As bad as the lack of a national training strategy for middle leaders was the inadequacy of the extra pay for these important leadership roles, via “units”. These did not move in value from 2009 until the most recent secondary teachers’ pay negotiations in 2019 (PPTA, 2018, p. 7). The rhetoric about the importance of these roles was not matched adequately by the salaries for them, and that, combined with the increased workload associated with curriculum and pastoral care leadership in secondary schools, made getting suitable applicants to fill vacancies very difficult indeed. In my time as a principal (2003–2014) it was not uncommon to have one or two applicants only for a faculty leader position – the most senior of our middle leader positions.
It is my observation that senior leadership teams in secondary schools generally work much more collaboratively now than was the case in the pre-Tomorrow’s Schools era. In the earlier period those in the three traditional senior roles, principal, deputy principal and senior master/ mistress, appeared to have narrowly defined roles, and in the three schools I worked in during that period there was very little sense that the “senior management team”, as they were called then, did any significant planning together beyond that needed to keep the school functioning at a basic level. There was limited consultation with staff, as well, because with a lack of forward planning there was seemingly little to consult about.
These days it is very different given the complex issues facing schools and the legal requirement to create and report on strategic plans. For example, when I was a principal it took considerable consultation with the teaching staff to introduce our version of academic counselling and ways to engage with parents and caregivers about their students’ academic progress, ideas about which came from the Starpath model of academic coaching (McKinley et al,, 2009), because we were asking teachers, form teachers and deans to undertake new, quite complex tasks. However, principals whose schools had not been part of that project were not likely to know anything about its key findings. Those findings have not travelled well even within Auckland, where the project originated in a collaboration between Massey High School and the University of Auckland. This became obvious when, in an Auckland Secondary Schools Principals’ Association meeting in 2014, an Auckland principal, whose school had not been involved in Starpath, betrayed no knowledge whatsoever of the project’s existence when talking to the meeting about a process he was introducing in his school, which was “Starpath-lite” in effect.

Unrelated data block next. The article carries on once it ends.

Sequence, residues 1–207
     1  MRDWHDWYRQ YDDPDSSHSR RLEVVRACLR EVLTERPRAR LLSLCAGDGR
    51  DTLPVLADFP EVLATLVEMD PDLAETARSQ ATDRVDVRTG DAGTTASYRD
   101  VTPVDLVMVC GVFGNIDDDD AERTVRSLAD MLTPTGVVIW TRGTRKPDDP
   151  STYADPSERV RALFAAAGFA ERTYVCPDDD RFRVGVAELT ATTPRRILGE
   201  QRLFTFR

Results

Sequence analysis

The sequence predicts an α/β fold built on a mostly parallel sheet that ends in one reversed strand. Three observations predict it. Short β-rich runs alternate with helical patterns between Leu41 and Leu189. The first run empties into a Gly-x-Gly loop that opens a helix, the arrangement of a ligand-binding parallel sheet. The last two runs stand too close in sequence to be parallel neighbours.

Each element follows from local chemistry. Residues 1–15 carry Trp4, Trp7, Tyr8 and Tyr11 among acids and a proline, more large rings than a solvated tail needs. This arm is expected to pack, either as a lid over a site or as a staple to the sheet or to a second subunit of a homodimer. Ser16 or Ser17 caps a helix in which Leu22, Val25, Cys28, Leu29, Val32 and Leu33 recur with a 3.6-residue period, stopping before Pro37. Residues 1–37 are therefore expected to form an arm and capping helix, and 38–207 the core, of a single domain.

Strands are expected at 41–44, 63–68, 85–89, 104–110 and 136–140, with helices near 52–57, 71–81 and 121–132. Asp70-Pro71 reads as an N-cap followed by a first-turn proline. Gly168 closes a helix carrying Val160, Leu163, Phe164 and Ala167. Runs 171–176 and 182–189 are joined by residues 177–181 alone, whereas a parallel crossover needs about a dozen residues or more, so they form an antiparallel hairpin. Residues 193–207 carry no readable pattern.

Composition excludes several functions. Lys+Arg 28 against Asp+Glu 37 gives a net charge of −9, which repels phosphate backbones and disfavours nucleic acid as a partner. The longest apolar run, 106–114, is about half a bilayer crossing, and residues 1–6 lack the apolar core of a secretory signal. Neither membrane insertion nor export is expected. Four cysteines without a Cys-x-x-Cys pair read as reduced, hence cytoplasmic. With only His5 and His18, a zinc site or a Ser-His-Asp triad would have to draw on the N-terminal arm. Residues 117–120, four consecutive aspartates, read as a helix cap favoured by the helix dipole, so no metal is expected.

The Ministry of Education had no reliable mechanism to let schools who were not involved in Starpath know about the benefits its models brought to schools’ engagement with the students’ learning and with those students’ caregivers. That observation is true for many Ministry of Education initiatives. For example, I was in an unusual position when the School Leadership Best Evidence Synthesis (BES) (Robinson, Hohepa, & Lloyd, 2009) was released. I had taken five terms’ leave from being a principal to work in Team Solutions (Schools’ Support Services) at the University of Auckland as a leadership and management facilitator. In that role I had time to read the BES thoroughly, and I took the opportunity to run several workshops for middle and senior school leaders in Auckland and Northland on two of its important concepts: “open-to-learning conversations” and “engaging with teachers’ theories of action”. I thought both concepts were interesting and useful for school leaders. The spread of these ideas was more random than I would have hoped for, though, in a state school system which had funded the creation of them in large part.
What has become more pronounced over the last 30 years are the unfair challenges facing state schools serving our poorest communities, and thereby the challenges facing their leaders. Part of the problem facing those schools is the stigma that has become attached to the term “decile”:
Decile has become a synonym for quality and low decile schools are perceived by many as schools for those who have no choice. Furthermore, despite the absence of ethnicity in the decile calculation, the “low decile” label marks ethnicity, thereby colouring community perceptions about schools (Vester, 2018, p. 5).
We have increasing levels of informal segregation within our school system. The Tomorrow’s Schools Independent Taskforce (2018) noted recently, for example, that while “24% of our school students overall are served by decile 1–3 schools … 45% of our Māori students, and 60% of our Pacific students attend decile 1–3 schools” (p. 71). Damon Salesa, Pro-Vice Chancellor–Pacific at the University of Auckland and a Board chairperson of a decile 1 collegiate, has written powerfully about this issue noting that racial segregation as it affects New Zealand’s Pacific Island peoples is “ordinary in Auckland but it is extraordinary to talk about it” (Salesa, 2017, p. 35).
There is also a trend that has been conspicuous for several years since the decile system was introduced in 1995 of high decile schools getting larger and low decile schools getting smaller: